This condition becomes unbearable to the angel Damiel. He envies the human beings their history, their "now", their captiveness, and he decides to become human, to let himself fall. From infinity to finality, from being anywhere to being just where you are, from being immortal and eternal to having exactly one life. In other words, from the prison of total freedom to the prison of being inscribed in a history, in your own mortal story.

Damielís action thus corresponds exactly to the movement which any movie goes through. To make a movie always means turning many possible times into one certain time – namely, that of the movie – not only if the movie is to become a narrative, but quite concretely, in a physical sense.

Film as an art form seems to have acquired this knowledge, also historically. From consisting of isolated spaces and places mounted side by side, film gradually became a conscious temporal art. A movie mounts a number of local spaces and times into one time, most often as a narrative. The self-reflexive reference both to this very movie and to the art form as such stands out explicitly and consciously in Wings of Desire. Not only does the movie change from black and white to colour – just like in real film history – as Damiel gives up his angel perspective, but in the credits it is even stated "Dedicated to all the former angels, but especially to Yasujiro, François and Andrej". There is reason to suppose that this applies to the master directors with the family names of Ozu, Truffaut and Tarkovskij, respectively; a (master) director, it seems, is a fallen angel. To make a movie is to choose a history, to establish one time. To choose a story is also to opt out of the possibility of choosing between innumerable stories. Jacta alea est.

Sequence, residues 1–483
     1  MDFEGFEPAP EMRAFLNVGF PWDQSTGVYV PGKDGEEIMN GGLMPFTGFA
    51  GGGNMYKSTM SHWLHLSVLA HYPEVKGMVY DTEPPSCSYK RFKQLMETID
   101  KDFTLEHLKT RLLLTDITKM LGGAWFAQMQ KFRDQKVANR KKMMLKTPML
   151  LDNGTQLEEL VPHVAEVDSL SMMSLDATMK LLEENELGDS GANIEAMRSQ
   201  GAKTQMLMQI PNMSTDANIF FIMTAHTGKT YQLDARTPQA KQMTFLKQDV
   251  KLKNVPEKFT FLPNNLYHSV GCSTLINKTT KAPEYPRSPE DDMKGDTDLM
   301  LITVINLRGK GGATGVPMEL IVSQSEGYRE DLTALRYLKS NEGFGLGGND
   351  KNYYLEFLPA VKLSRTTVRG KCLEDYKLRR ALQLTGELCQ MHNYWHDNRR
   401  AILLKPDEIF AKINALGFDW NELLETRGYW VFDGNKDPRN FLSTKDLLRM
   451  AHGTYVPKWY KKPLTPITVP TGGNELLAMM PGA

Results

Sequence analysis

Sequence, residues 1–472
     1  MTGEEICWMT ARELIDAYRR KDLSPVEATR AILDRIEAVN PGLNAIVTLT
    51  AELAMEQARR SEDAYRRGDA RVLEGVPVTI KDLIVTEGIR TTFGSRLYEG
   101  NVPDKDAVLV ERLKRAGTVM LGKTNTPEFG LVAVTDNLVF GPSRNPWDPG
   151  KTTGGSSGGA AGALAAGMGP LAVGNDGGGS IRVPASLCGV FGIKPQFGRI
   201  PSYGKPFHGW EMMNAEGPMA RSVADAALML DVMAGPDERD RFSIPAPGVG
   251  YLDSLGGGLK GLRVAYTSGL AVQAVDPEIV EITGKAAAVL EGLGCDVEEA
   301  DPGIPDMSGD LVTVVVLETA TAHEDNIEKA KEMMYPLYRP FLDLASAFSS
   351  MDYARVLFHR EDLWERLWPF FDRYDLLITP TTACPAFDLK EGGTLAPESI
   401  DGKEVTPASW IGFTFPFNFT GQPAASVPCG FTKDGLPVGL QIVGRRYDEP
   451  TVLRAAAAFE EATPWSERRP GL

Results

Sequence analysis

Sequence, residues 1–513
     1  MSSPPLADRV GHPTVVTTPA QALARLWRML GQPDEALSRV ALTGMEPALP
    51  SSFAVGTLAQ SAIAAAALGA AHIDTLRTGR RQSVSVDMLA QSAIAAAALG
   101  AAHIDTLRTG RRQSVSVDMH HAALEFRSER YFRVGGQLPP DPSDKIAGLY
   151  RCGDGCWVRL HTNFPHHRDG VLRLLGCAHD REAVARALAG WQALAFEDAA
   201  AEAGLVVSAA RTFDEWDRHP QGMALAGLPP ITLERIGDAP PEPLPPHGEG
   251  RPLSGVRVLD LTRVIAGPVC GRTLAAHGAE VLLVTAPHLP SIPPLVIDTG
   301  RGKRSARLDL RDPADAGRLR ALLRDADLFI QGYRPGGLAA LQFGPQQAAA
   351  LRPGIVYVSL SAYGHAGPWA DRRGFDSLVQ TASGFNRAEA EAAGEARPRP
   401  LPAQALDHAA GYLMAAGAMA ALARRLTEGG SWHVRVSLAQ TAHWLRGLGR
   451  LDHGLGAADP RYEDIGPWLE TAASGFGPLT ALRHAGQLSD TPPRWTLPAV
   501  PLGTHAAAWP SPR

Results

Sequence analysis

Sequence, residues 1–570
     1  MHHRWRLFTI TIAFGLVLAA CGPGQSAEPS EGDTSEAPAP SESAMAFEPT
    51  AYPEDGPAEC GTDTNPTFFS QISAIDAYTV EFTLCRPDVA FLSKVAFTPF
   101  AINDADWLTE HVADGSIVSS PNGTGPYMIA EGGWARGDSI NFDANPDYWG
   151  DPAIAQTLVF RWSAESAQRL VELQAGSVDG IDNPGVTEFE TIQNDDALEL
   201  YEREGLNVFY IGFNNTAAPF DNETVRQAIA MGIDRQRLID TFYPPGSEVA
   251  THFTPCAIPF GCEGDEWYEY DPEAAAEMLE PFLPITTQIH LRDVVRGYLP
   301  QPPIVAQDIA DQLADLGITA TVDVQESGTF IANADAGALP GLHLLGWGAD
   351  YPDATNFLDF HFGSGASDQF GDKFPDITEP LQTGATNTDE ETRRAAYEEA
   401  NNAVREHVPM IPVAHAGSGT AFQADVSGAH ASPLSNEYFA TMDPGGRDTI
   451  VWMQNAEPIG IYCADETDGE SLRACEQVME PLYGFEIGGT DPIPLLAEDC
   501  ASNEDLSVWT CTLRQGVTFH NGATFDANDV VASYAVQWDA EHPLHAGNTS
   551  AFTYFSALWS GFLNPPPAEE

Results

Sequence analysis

Wings of Desire, it seems, is an explicit allegory on the fundamental genesis problematics of film and thus furthermore on this movieís own production. Not only does this movie tell the story of a person choosing to get – and thus engender – himself a story, but the movie also does what it tells. It becomes a story like that itself. From paratactical counting of parallel fates seen from a birdís eye view and in black and white, it lands in the middle of one story seen from within that very story, in colour. The incoherent similarity of singular situations organized according to spatial principles is replaced by a narrating vision-avec organized according to time, according to the course of events. Marion and Damiel get each other.

This transformation at all levels of the movie is indeed overtly staged. This overtness implies that within the enunciation of the movie, this transformation is not just reflexive. The calculated exaggeration makes it reflexive in a double sense. The distance between the overt reflexivity of the expression and the implied position responsible for expression creates an objectivation, or re-doubling of reflexivity, which is also obvious in the movie as an ambivalence.